What is the background of the new formula? In order to be able to understand this, it is important to consider what particle physicists set out to do. “We research predictions about probabilities that certain events will occur when particles collide with each other”, says Dr. Gudrun Heinrich from the MPP and co-author of the recent publication in which the research result was published.
The particle collisions take place in particle accelerators like the Large Hadron Collider (LHC) at CERN. With the help of these experiments, physicists hope to learn which forces hold our world together at its core. Experimental particle physicists collide protons – the basic building blocks of the universe – and observe what happens to them: new particles emerge, disappear, and reappear as other particles. Innumerable event possibilities result from these collisions. In contrast, theoretical particle physicists already calculate the probability of certain events occurring in advance – thus contributing to make new discoveries about the fundamental building blocks of our world, and their interactions.
Two particles in, three particles out
In this case, the scientists investigated what happens when two particles enter the collision process and three particles come out. It sounds much simpler than it is. However, what happens in the middle of the collision process requires incredibly complex calculations. “Particle interactions are visualized by Feynman diagrams. The more precisely we calculate, the more complex they become – until even high-performance computers are pushed to the limits”, says Prof. Dr. Johannes Henn, Director of Quantum Field Theory at MPP.
Nevertheless, the international team with researchers at the MPP together with colleagues from Durham University, the University of Zürich, the Johannes Gutenberg University in Mainz, and the University of Science and Technology of China, have met this challenge. In order to tackle this task, they had to develop completely new mathematical methods. The calculation of the five-particle scattering processes in the third order – in technical terminology "with two loops” – took several years and produced sets of formulas several meters long. The final result was quite surprising. “In the end, everything collapsed into something astonishingly simple”, Dr. Heinrich sums up briefly.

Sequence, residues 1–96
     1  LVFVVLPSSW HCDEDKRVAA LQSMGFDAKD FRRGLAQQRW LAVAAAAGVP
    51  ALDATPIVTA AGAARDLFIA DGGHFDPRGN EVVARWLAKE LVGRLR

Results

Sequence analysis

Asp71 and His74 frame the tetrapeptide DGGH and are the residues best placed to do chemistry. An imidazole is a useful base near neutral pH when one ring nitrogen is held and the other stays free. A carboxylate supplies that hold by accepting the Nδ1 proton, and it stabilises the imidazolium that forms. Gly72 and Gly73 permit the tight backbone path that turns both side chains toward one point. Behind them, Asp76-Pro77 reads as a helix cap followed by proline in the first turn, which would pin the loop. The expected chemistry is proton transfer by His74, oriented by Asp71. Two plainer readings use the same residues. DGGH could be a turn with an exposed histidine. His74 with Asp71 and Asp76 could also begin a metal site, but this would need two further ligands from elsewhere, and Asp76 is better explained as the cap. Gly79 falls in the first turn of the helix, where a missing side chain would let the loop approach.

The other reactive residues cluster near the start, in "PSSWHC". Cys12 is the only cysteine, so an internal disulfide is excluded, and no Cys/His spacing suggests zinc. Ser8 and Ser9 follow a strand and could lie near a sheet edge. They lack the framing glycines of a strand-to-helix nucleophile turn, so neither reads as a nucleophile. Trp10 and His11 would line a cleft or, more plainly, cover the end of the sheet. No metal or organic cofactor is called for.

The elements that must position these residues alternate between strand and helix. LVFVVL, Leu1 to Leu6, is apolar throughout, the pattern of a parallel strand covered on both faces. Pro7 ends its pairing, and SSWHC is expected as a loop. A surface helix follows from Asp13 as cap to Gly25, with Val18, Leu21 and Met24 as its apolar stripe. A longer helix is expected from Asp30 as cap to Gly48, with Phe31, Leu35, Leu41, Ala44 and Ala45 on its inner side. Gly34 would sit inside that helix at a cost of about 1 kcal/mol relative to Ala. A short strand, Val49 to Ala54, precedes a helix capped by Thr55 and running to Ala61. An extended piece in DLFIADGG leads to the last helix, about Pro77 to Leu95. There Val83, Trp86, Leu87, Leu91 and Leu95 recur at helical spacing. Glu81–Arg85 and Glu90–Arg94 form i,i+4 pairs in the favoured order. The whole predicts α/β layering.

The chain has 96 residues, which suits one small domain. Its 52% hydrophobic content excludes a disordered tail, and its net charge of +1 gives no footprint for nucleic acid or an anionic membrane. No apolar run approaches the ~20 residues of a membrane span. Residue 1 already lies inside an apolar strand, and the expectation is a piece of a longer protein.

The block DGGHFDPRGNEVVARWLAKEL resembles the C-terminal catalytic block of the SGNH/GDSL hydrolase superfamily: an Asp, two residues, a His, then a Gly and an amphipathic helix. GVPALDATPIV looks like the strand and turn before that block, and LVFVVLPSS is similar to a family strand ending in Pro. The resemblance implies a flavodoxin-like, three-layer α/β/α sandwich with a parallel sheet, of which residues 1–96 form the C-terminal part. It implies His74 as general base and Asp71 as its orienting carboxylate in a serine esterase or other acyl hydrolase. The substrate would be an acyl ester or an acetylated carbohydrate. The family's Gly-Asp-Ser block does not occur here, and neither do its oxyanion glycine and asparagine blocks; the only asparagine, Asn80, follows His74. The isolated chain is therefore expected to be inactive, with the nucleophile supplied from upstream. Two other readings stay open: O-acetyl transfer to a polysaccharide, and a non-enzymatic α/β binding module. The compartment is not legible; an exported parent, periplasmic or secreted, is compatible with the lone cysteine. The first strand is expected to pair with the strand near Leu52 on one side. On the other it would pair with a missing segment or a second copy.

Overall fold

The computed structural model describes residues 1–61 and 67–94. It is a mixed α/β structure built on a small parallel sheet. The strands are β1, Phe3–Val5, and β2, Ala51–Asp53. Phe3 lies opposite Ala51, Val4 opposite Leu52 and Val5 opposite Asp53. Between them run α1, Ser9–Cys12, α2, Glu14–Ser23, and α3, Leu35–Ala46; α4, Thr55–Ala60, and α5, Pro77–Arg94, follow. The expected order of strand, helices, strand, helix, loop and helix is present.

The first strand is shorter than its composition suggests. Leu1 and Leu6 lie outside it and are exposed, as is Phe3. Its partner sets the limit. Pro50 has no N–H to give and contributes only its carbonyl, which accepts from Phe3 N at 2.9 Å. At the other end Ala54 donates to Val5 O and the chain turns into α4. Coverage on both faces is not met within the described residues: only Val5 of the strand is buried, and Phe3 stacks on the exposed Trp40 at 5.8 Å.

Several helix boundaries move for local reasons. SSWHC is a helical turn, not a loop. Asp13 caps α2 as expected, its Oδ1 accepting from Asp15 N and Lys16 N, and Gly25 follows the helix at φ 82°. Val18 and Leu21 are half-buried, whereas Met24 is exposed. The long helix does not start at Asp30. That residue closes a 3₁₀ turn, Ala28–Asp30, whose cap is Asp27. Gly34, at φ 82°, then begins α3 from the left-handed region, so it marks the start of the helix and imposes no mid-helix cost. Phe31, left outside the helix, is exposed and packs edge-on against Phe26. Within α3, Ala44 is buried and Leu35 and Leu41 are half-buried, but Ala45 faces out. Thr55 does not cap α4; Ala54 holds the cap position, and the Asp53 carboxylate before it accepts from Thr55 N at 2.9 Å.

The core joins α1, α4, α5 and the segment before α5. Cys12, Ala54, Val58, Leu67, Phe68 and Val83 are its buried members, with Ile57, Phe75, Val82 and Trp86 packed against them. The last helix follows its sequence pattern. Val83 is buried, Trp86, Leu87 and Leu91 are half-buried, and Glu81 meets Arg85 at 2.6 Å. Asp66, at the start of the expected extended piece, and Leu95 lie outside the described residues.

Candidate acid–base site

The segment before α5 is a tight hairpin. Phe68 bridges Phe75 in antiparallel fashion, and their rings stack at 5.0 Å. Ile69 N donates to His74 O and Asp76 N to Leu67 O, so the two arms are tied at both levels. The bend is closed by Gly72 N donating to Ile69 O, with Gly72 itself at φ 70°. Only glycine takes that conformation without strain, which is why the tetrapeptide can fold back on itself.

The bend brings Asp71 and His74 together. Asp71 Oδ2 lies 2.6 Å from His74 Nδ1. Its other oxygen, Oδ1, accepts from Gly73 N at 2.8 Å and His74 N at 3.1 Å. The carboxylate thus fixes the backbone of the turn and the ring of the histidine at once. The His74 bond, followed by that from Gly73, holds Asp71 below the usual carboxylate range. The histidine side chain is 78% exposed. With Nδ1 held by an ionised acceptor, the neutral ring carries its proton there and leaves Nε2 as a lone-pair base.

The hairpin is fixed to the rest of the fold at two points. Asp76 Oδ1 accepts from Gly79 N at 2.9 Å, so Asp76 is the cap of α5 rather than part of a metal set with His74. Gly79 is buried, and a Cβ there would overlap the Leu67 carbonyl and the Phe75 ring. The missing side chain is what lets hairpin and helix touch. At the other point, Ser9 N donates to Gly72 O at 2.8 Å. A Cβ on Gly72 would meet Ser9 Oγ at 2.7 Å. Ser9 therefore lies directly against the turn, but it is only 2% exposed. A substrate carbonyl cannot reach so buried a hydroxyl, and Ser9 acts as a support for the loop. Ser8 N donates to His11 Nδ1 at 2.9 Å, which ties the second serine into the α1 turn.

A small, one-line formula came out. This result is simple yet highly precise. Maybe even more important than this milestone: The new calculation methods the research team developed, since these can be applied to other scattering processes. In so doing, they contribute to a better understanding of the fundamental building blocks of the universe.
Within the framework of the European Research Council (ERC) Grant “Amplitudes”, Prof. Dr. Johannes Henn is conducting research in order to better understand and predict scattering processes in quantum field theory. Scattering processes occur when particles collide in particle accelerators such as the Large Hadron Collider (LHC) at CERN in Geneva. They are the starting point for calculating the formation to hitherto unknown are to be predicted.